From this point on, it was only the matter of time before Japan acknowledged defeat. While Japanese leaders negotiated for truce unsuccessfully, the incessant bombings turned some Japanese cities into towering infernos. Then, the new atomic weapon the United States unleashed on Hiroshima shocked the world. Japan was now on the verge of admitting surrender unconditionally, but perhaps due to shock, no official reaction was sent to the Allied powers. Finally, on 8 Aug 1945, Russia (whom Japan viewed as relatively friendly) declared war on Japan, invading Manchukuo, and a second atomic bomb destroyed Nagasaki. It was not until then that, Emperor Hirohito interfered with the government and brought Japan to surrender. On 14 Aug 1945, in a surprising move, Emperor Hirohito announced the surrender personally over public radio.

At the end of the war, Japan was stripped of all of her overseas possessions, and the home islands were occupied by Allied personnel headed by Douglas MacArthur. Japan did not regain her sovereignty until Apr 1952.

Source: Wikipedia.

People

Abe, HiroakiKaneko, TadashiRoh, Yong-U
Abe, NobuyukiKanno, NaoshiSakai, Saburo
Adachi, HatazoKasai, TomokazuSasai, Junichi
Amagai, TakahisaKashimura, KanichiSasaki, Noboru
Ando, RikichiKatsumata, SeizoSejima, Ryuzo
Aoki, TaijiroKitano, MasajiSeki, Yukio
Ariga, KosakuKobayashi, MichioShigemitsu, Mamoru
Ariizumi, TatsunosukeKobe, YujiShima, Kiyohide
Arima, MasafumiKodaira, YoshinaoShinozaki, Mamoru
Chikao, YasunoKoga, MineichiShioden, Nobutaka
Chung, Il-kwonKoiso, KuniakiShiozawa, Koichi
Daigo, TadashigeKondo, NobutakeShiraichi, Kayutaka
Doihara, KenjiKonoe, FumimaroShirakawa, Yoshinori
Fuchida, MitsuoKotohitoShiratori, Toshio
Fujita, NobuoKoyanagi, TomijiShowa (Hirohito)
Fukudome, ShigeruKudo, ChuSoji, Akira
Furusho, MikioKuribayashi, TadamichiSugihara, Chiune
Genda, MinoruKurita, TakeoSugiyama, Hajime
Goto, AritomoKurusu, SaburoSuzuki, Kantaro
Hamazono, ShigeyoshiKusaka, JinichiTak, Kyonghyong
Hara, ChuichiKusaka, RyunosukeTakagi, Takeo
Hara, TameichiKuwahara, TadaoTakahito
Harada, KanameMaruyama, MasaoTamai, Asaichi
Hasegawa, KiichiMatsuda, ChiakiTanabe, Yahachi
Hashimoto, MochitsuraMatsui, IwaneTanaka, Raizo
Hata, ShunrokuMatsuoka, YosukeTanaka, Shizuichi
HironobuMatsura, GoroTatekawa, Yoshitsugu
Hirota, KokiMikawa, GunichiTerauchi, Hisaichi
HiroyasuMinami, JiroTojo, Hideki
Homma, MasaharuMinami, YoshimiTokuno, Hiroshi
Honda, MasakiMiwa, ShigeyoshiTomonaga, Joichi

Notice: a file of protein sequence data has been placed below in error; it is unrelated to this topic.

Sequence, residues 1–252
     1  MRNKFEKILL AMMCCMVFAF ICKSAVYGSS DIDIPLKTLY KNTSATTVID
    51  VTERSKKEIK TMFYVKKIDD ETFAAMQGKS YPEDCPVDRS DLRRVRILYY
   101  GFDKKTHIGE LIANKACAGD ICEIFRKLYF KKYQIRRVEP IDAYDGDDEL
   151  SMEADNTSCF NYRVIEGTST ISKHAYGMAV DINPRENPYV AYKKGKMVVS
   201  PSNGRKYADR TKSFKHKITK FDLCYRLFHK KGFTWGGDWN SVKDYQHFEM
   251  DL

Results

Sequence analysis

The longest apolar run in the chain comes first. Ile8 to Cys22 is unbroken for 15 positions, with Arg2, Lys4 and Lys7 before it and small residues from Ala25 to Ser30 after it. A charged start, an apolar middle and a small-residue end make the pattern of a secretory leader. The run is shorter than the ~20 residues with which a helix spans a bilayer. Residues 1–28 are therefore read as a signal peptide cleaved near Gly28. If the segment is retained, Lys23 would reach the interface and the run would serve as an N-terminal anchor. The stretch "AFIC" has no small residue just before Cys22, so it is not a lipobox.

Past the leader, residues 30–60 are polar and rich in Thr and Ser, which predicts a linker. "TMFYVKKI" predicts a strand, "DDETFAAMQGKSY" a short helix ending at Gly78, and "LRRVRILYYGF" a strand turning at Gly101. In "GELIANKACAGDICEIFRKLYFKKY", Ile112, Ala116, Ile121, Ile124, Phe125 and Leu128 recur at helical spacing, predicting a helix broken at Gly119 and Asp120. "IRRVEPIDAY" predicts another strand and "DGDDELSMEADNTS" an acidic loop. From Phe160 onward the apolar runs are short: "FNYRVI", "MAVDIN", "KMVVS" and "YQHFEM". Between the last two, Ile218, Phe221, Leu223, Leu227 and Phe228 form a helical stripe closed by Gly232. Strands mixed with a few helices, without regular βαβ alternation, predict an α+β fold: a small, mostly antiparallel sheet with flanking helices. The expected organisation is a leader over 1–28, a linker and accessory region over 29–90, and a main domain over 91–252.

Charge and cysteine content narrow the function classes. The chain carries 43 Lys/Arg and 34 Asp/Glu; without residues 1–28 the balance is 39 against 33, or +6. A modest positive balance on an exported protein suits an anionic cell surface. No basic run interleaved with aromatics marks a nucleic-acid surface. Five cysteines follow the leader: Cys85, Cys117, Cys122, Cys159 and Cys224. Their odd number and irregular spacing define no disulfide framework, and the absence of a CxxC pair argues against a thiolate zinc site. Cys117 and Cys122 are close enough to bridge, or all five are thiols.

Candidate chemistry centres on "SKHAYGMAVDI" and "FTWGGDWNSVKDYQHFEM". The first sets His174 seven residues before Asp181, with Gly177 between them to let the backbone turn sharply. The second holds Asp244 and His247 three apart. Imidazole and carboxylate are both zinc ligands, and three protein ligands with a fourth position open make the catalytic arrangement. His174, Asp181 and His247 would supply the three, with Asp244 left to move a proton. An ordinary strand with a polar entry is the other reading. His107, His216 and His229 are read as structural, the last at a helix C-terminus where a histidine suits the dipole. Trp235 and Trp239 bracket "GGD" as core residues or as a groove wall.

Honjo, ShigeruMorihiroToyoda, Soemu
Horii, TomitaroMuto, AkiraTsuji, Masanobu
Horikoshi, JiroNagahisaTsuneyoshi
Horiuchi, ShigetadaNagano, OsamiUgaki, Matome
Hyakutake, HarukichiNagumo, ChuichiUmezu, Yoshijiro
Ichiki, KiyonoNambu, NobukiyoUshijima, Mitsuru
Ihara, MitsugoNaruhikoUshiroku, Jun
Iida, FusataNishi, TakeichiYamaguchi, Moriyoshi
Imamura, HitoshiNishimura, ShojiYamaguchi, Tamon
Inoguchi, RikiheiNishina, YoshioYamamoto, Isoroku
Inoguchi, SatoshiNobuhitoYamaoka, Mineo
Inoguchi, ToshihiraNomura, KichisaburoYamashita, Tomoyuki
Inoue, IsamuObata, HideyoshiYamazaki, Yasuyo
Inoue, ShigeyoshiOgawa, KiyoshiYanagimoto, Ryusaku
Isawa, YutakaOhara, HisashiYasuhiko
Ishii, ShiroOkada, JisakuYasuhito
Itagaki, SeishiroOkamura, YasujiYi, Geon
Ito, KiyoshiOkumiya, MasatakeYi, Un
Ito, SukemitsuOmori, SentaroYi, Woo
Ito, TaisukeOnishi, TakijiroYonai, Mitsumasa
Iwamoto, TetsuzoOshima, HiroshiYoshida, Mitsuru
Iwasa, NaojiOta, MinoruYoshida, Shigeru
Kagawa, KiyotoOzawa, JisaburoYoshikawa, Takeo
Kaku, TomeoPaik, Sun-yupYoshioka, Yasunori

Events Taken Place in Japan

Doolittle Raid18 Apr 1942
Greater East Asia Conference5 Nov 1943 - 6 Nov 1943
Battle of Iwo Jima19 Feb 1945 - 26 Mar 1945
Bombing of Tokyo and Other Cities19 Feb 1945 - 10 Aug 1945
Okinawa Campaign1 Apr 1945 - 21 Jun 1945
Preparations for Invasion of Japan14 Jul 1945 - 9 Aug 1945
Atomic Bombing of Hiroshima and Nagasaki6 Aug 1945 - 9 Aug 1945
Japan's Surrender14 Aug 1945 - 2 Sep 1945
Tokyo Trial and Other Trials Against Japan3 May 1946 - 12 Nov 1948

Aircraft

2MB1D4Y SuiseiJ7W ShindenKi-34Ki-61 Hien
2MR8E13AJ8M Shusui / Ki-200Ki-36Ki-67 Hiryu
A2NE14YK7MKi-4Ki-83
A5ME15K ShiunKDA-2Ki-43 HayabusaKi-84 Hayate
A6M ZeroE16A ZuiunKi-1Ki-44 ShokiKi-9